These are perhaps the most visible reasons why anonymity is important, but there is another more subtle reason why it (and privacy in general) is important. A person who is aware that they are being monitored will begin to self-censor what they say. If you know somebody is listening and that you’ll be held accountable for what you say, you’re less likely to speak your mind. Instead you stay quiet, lie, and keep the truth to yourself. When everyone is doing this for the same reason you are, it starts to look like you’re the only person with your dissenting views. It’s almost like the bystander affect: When a group of bystanders witness an accident or a crime, they all expect someone else to do something. Each person is paralysed, expecting another to intervene. When everyone is thinking this, nobody ends up doing anything about the situation.
When everyone is keeping quiet out of fear of retribution, it creates the appearance of acceptance and agreement with whatever it is people actually disagree with. This creates an artificial peer pressure to remain silent. When we do this, when we self-censor for fear of retribution, our oppression is complete. We are doing the work of the oppressors ourselves, like prisoners guarding themselves in prison.
Someone might object to all this anonymity with “Well I enjoy having everything in one place, only having to sign in once, and being able to move seamlessly from one website/application to another. I’m also not doing anything wrong, so what’s the problem.”
“I’m not doing anything wrong” is the most infuriating phrase anyone can utter whenever talking about privacy. Please, for the love of all that is good, stop saying this! If you’re someone who seriously thinks they have “nothing to hide,” you clearly don’t understand how dangerous this line of thinking is and what the long term consequences are.
First off, “I’m doing nothing wrong and have nothing to hide” makes the tacit assumption that privacy (and anonymity) is for people who DO have something to hide and who ARE doing something wrong. It’s not.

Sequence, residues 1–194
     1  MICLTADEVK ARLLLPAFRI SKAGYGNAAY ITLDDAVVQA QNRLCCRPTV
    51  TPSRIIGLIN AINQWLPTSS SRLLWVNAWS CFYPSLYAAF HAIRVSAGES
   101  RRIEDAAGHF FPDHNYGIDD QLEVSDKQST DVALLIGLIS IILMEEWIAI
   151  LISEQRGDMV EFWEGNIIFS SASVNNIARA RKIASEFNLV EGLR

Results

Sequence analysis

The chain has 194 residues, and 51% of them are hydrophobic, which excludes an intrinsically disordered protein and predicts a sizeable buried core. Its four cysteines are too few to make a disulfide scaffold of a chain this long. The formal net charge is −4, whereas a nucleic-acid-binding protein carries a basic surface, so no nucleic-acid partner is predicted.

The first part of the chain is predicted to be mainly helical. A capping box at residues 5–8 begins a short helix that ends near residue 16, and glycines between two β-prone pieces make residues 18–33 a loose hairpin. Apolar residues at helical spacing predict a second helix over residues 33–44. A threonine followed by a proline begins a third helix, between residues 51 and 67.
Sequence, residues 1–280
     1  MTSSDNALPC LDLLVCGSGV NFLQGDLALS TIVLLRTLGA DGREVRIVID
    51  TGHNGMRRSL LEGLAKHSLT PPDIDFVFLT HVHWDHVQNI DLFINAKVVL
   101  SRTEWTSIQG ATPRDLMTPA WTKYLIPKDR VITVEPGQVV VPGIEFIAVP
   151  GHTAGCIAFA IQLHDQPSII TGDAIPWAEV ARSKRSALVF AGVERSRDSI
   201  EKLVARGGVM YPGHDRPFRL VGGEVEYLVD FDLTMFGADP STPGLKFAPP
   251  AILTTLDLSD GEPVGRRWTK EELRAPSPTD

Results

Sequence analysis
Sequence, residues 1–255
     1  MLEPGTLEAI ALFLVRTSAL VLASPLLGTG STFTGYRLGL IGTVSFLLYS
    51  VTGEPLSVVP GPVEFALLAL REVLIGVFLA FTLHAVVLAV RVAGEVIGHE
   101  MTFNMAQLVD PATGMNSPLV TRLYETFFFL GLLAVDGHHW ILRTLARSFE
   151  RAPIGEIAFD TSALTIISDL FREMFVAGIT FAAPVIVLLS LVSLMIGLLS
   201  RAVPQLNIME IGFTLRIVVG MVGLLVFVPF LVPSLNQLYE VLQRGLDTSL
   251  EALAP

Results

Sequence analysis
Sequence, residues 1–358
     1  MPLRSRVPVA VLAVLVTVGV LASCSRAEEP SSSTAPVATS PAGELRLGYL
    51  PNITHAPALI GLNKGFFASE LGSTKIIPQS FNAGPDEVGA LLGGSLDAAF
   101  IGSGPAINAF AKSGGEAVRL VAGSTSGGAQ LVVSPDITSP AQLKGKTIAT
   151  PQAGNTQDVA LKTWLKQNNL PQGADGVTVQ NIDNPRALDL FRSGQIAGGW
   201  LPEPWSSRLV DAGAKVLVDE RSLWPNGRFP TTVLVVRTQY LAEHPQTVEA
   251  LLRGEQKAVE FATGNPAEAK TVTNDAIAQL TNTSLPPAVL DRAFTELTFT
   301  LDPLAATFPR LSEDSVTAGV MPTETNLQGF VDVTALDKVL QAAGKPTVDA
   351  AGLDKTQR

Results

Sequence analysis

Secondly, the fact that you think you are innocent now will not protect you in the future. What everyone forgets is that we now live in a world where governments are recording everything we say and do. We make it extremely easy for them to do this. We tell the government what we think on facebook, who we associate with, what ideas and topics we’re interested in. The NSA records our telephone calls, reads our emails, and collects billions of pieces of data on us daily. They then store this data for use in the future.
This is the key point. Governments keep everything for future use. Just because something you do is not a crime now does not mean it won’t be a crime in the future.
Whenever you do something online (or offline for that mater) you create a point of data. It could be as simple as “liking” something on facebook, writing a blog post, or buying a cup of coffee on the street corner with your debit card. All of these points of data taken together draw a picture of who you are, what you think about things, and what you do. For example, like this painting from Georges-Pierre Seurat:
Here’s the problem: The government collects all these points of data and you’re not in control of how they arrange them. If someone in a position of power decides, for whatever reason, that they don’t like you, they can arrange these dots in any way they want, in order to draw any picture they want, and ruin your life; innocent or not.
“But the government can’t retroactively make something illegal!”
Really? Why not? What’s stopping them? The law? They are the law. People in the government retroactively pardon their friends for crimes committed in the past. Crimes committed by the government are routinely retroactively made legal. Why can’t this process work in reverse? Why not retroactively make things crimes. But lets assume for a moment that we live in a nice fairy-tale land where politicians never lie and the government really does have your freedom and well-being at heart. What’s to stop someone from using your past actions as evidence against you in court?
“Well judge, the defendant clearly has a long history of criminal thought because they “liked” page X on facebook back in March of 2014. That combined with their youtube viewing history and amazon search history clearly establishes a picture of someone who’s a public enemy.”
Anonymity and privacy are important. We’ve been giving up those protections in favor of an easier, more integrated existence. That comfort comes with a price. Unfortunately, people are often short-sighted about big issues. It’s hard to really understand how important something is unless it directly affects your day to day life. By the time an issue becomes grave enough to start affecting you directly, it’s usually to late to fix it.